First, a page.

January 7, 2015

It worked the way it was supposed to work. Really. When my dad died, after those first shakey few days, saying Kaddish got easy. My dad’s life was full and meaningful and he had accomplished much. He had struggled with cancer for a year and had become so frail that it was clearly time for his life to end when it did. And so, for me, reciting Kaddish was not so emotionally difficult. It was a celebration of a wonderful life. My voice was loud and clear.

And that's why I wasn't prepared for how those eleven months ended. The date got closer. Odd things started to happen. One son was leaving for a year abroad and I spent the week before he left as clingy to him as an eight month old is to mother when the babysitter comes. He had gone off for a year before and I had barely noticed. This time I stayed home during the day, just in case he might need me for something. I went in to work at odd hours, only when I knew he had plans that wouldn't include me. I was very short with people at meetings. I got irrationally ungrateful about an unwanted gift my mother-in-law sent me. Friends just clucked knowlingly and said, “Of course you're feeling like this. Isn't it almost 'The Anniversary'?” I ran into a friend whose mom died a few weeks after my dad. We traded stories of depression and odd behavior. Only a few months before we had discussed being grateful that the struggles of nursing an aging and suffering parent were far behind us, feeling like we had once again joined the normal world. Now we were no longer acting like ourselves. My husband, who has little sense of Jewish life cycle, asked me why I was so grumpy. I thought that to use the end of saying Kaddish as an excuse would be like a woman who chalks up any negative behavior to hormonal changes. Instead I shrugged my shoulders and said nothing.

And then the last Shabbat came. The day I had marked on my calendar. There was a sweet Bar Mitzvah. At the end I stood up for Kaddish like I had for 48 weeks. But the words that had been so strong all that time only came out in a whisper. The tears that had never accompanied the Kaddish before wouldn't stop. I sat down and eased my way across two empty chairs to sit next to a good friend. “That was the last one,” I managed to say. She understood and kept her arm around me until the end of the service. I never knew that the official end of the period of mourning would be tough, just like the beginning. I never thought that I would react to the Kaddish being taken from me, just like I had reacted to my father’s death. It was in a way a sort of post-partum feeling of emptiness, not only for the person no longer here, but for the sing song words that had had their own rhythmic comfort. The next day there was a shiva minyan at work for a staff member who had just experienced a loss. Shortly before it began my office filled with people who needed my attention and I had an excuse to miss the minyan, grateful that I could postpone the first time I would be hearing someone else say Kaddish and not be able to join in.

A few weeks before my period of mourning ended, I had been asked to be gabbai and to lead a Torah study session for dates that would fall in the two weeks after my last recitation of Kaddish. I didn't accept. Why should I obligate myself to being in shul when I no longer had a halachic reason to be there? I mentioned that feeling to the rabbi. Two hours later he called to invite me to Shabbat lunch on my first “free” Shabbat. A friend sent an e-mail about a baby naming as part of the same Shabbat service. I guess that during my first Shabbat of non-obligation, I'd be back in my community anyway. The end of that service came. Others stood for Kaddish. I didn't. I felt okay. It worked the way it was supposed to work. Really.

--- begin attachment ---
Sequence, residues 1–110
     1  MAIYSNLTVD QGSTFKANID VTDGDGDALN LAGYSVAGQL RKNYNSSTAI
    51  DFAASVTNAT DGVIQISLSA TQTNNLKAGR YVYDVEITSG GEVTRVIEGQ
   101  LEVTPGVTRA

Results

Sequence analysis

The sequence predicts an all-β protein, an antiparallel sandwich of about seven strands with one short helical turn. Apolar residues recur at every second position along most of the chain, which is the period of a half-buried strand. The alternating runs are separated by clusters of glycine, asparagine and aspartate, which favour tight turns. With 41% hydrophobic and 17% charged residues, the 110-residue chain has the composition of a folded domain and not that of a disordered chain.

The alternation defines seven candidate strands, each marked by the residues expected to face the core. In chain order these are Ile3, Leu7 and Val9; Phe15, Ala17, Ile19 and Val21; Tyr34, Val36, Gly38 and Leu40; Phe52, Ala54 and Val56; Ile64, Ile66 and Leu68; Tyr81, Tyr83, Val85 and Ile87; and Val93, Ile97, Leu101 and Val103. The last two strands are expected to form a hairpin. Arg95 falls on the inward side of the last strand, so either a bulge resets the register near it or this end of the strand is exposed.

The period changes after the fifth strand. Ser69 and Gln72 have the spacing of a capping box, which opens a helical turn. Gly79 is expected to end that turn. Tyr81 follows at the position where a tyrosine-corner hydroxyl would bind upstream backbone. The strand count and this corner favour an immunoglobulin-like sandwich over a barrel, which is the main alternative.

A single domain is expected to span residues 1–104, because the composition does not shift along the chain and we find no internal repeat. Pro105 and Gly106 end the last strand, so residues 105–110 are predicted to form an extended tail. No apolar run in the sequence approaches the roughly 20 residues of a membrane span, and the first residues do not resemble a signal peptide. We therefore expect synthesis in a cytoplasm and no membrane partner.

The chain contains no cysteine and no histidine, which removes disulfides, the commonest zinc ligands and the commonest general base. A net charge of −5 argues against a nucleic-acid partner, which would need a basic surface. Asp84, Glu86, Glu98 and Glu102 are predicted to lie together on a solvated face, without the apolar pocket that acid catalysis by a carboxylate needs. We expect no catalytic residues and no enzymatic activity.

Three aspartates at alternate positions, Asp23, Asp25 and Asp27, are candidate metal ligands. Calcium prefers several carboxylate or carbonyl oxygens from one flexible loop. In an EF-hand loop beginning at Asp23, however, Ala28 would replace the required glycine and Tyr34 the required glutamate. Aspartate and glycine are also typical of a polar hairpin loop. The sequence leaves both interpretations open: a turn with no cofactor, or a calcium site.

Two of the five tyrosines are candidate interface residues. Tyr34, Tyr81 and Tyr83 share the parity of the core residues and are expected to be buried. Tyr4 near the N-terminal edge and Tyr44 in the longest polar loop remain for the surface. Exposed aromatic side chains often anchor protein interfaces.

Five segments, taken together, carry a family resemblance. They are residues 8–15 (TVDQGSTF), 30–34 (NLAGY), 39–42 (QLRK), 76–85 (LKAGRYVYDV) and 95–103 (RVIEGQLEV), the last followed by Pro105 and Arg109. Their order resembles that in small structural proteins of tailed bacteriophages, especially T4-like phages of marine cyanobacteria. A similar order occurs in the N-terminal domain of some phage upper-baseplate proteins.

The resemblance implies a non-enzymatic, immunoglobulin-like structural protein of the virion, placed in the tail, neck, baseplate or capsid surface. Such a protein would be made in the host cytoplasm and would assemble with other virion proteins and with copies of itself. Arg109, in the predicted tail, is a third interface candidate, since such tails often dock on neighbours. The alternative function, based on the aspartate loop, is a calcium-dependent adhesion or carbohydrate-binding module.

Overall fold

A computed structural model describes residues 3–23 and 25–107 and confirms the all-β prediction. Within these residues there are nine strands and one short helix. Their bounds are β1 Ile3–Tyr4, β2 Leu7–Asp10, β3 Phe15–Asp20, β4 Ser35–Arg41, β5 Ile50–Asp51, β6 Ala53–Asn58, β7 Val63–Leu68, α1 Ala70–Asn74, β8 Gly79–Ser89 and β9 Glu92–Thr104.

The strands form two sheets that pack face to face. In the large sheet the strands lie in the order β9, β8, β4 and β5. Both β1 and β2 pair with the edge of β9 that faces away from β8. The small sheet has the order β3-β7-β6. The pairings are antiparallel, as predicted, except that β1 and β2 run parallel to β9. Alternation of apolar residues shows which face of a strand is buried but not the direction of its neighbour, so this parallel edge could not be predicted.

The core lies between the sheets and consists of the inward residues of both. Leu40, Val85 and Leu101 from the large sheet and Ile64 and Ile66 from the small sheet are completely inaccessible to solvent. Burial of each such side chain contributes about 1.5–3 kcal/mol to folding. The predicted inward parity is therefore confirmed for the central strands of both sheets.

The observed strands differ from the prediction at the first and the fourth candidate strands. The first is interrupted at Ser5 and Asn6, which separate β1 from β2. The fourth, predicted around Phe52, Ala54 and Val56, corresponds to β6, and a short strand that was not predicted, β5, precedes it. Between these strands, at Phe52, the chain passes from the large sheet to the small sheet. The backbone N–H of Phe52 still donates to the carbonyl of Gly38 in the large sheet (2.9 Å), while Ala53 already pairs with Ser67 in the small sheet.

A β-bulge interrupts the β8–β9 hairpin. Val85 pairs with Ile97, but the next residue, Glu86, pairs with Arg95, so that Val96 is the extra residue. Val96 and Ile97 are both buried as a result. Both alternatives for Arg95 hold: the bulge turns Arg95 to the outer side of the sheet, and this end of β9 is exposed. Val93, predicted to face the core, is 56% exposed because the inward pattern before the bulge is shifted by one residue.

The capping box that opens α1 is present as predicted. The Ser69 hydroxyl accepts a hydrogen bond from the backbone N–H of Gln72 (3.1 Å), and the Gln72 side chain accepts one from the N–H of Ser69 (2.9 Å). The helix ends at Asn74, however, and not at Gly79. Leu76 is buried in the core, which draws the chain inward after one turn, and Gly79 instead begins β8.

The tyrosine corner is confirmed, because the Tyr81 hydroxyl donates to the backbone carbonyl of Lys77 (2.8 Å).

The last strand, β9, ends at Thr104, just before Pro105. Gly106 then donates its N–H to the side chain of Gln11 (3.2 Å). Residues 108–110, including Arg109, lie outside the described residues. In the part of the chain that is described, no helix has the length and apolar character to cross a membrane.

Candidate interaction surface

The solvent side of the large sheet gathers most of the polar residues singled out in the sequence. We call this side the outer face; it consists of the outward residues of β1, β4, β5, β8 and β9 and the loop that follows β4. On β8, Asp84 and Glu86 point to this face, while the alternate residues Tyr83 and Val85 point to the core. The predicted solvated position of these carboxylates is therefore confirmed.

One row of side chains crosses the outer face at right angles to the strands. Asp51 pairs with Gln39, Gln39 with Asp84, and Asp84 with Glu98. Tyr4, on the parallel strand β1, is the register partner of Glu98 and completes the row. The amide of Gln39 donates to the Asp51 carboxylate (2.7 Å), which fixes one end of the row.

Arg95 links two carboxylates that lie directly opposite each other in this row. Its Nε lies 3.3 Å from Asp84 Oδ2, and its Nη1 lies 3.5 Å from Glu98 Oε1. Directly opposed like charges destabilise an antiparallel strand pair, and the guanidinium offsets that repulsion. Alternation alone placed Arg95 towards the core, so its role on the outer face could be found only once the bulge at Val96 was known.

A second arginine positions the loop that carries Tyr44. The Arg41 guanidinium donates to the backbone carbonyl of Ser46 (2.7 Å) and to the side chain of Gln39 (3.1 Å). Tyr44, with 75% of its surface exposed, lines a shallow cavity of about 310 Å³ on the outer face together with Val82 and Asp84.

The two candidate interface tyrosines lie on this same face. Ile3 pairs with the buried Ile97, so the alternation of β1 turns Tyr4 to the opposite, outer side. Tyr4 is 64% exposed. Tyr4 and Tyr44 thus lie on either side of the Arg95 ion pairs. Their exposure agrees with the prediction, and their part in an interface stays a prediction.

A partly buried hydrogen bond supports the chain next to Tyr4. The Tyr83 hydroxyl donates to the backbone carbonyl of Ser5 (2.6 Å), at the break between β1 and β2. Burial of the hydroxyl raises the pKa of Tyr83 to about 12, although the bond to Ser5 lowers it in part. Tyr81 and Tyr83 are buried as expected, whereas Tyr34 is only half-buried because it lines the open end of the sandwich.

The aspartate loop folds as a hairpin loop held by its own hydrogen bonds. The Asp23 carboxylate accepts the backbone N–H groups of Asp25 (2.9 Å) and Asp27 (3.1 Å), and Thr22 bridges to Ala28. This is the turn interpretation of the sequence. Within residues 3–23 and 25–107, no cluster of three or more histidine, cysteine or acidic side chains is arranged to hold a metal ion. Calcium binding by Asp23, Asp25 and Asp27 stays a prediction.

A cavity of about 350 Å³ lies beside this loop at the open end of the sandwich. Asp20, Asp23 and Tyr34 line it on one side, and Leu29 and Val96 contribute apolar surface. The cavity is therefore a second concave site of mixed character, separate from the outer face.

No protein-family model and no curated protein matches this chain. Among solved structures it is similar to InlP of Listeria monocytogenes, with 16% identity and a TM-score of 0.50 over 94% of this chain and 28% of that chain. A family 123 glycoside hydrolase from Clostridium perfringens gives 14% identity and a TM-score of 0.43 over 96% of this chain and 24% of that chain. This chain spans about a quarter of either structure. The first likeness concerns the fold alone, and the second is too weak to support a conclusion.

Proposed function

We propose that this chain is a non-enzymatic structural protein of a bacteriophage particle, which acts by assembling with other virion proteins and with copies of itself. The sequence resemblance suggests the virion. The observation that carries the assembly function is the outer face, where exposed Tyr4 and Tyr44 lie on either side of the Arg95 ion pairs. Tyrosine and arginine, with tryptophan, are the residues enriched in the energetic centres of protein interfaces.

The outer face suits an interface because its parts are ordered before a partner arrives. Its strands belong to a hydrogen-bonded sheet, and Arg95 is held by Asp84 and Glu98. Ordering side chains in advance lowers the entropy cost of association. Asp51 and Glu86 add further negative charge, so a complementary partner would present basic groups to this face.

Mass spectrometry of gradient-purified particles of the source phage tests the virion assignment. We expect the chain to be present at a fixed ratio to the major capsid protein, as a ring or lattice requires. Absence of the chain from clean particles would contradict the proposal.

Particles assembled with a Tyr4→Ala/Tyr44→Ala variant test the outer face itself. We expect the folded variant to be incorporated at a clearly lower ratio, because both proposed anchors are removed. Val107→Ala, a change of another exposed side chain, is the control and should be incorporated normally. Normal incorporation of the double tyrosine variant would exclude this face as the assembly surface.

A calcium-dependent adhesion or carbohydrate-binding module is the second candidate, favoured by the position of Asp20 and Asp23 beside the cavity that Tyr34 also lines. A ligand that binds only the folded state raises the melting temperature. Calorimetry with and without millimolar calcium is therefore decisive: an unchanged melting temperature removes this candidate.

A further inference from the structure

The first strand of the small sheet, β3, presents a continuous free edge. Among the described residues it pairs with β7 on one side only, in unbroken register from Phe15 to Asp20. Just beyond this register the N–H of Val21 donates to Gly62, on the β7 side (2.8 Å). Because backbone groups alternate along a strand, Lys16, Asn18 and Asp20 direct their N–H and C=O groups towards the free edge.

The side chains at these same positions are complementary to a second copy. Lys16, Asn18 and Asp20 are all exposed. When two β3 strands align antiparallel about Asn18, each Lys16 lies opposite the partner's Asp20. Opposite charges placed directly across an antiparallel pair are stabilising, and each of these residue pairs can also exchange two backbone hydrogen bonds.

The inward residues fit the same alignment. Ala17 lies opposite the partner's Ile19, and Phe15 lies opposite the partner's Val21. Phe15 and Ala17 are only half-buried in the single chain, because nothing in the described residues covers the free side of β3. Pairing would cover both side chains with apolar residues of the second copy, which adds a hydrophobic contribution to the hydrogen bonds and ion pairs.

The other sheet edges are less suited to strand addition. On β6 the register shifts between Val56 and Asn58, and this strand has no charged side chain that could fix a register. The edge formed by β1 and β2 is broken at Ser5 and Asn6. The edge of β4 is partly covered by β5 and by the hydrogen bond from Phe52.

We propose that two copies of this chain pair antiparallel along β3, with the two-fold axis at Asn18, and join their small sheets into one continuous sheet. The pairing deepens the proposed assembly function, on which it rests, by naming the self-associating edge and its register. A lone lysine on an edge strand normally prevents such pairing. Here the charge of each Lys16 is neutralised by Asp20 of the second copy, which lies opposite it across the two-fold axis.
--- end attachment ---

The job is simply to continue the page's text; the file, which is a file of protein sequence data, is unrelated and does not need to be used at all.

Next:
Diane Bernbaum was the Director of Midrasha, a supplementary community Hebrew High School in Berkeley, California from 1981 until 2014. Before that she taught in various Jewish and public schools. Born in Milwaukee, she holds a B.A. in History and Near Eastern and Judaic Studies from Brandeis University and a Master of Arts in Teaching from Harvard University. She has lived with her husband in Berkeley since 1976 and is the mother of two adult sons.




Kavod v'Nichum Conference!

Join us for an unforgettable conference in beautiful Austin, Texas, Feb 22-24, 2015 at the 13th N. American Chevrah Kadisha and Jewish Cemetery Conference. Visit the Kavod v’Nichum’s Ø  Ø  Reserve a Ø  Plan your Mark your calendar, and get ready to come learn, network, and have a fabulous time!




Starting in January: Chevrah Kadisha: Ritual Practice. Tuesdays, (Orientation session on January 5th, classes start the 6th) – March 24th 2015

Starting in January: Chevrah Kadisha: Taharah & Shmirah.  Wednesdays, January 7th (Orientation session on January 5th, classes start on the 7th) – March 25th 2015

Beginning in March: Chevrah Kadisha: International Perspectives. Open to Gamliel Students who have (or are on track to) successfully completed the five prior courses. This course includes the Travel/Study Mission to New York, Prague, and Israel that will take place in April-May. Registration is limited. Contact us IMMEDIATELY for information or to register.

Be on the lookout for information on A Taste of Gamliel – a five session series on the subject of concepts of the soul, with guest teachers including Rabbis Burt Visotsky, Elie Spitz, Goldie Milgram, and Jonathan Omer-Man, spanning January to June. 

You can “>jewish-funerals.org/gamreg. Contact us for more information about scholarships or any other questions. info@jewish-funerals.org or call 410-733-3700.  



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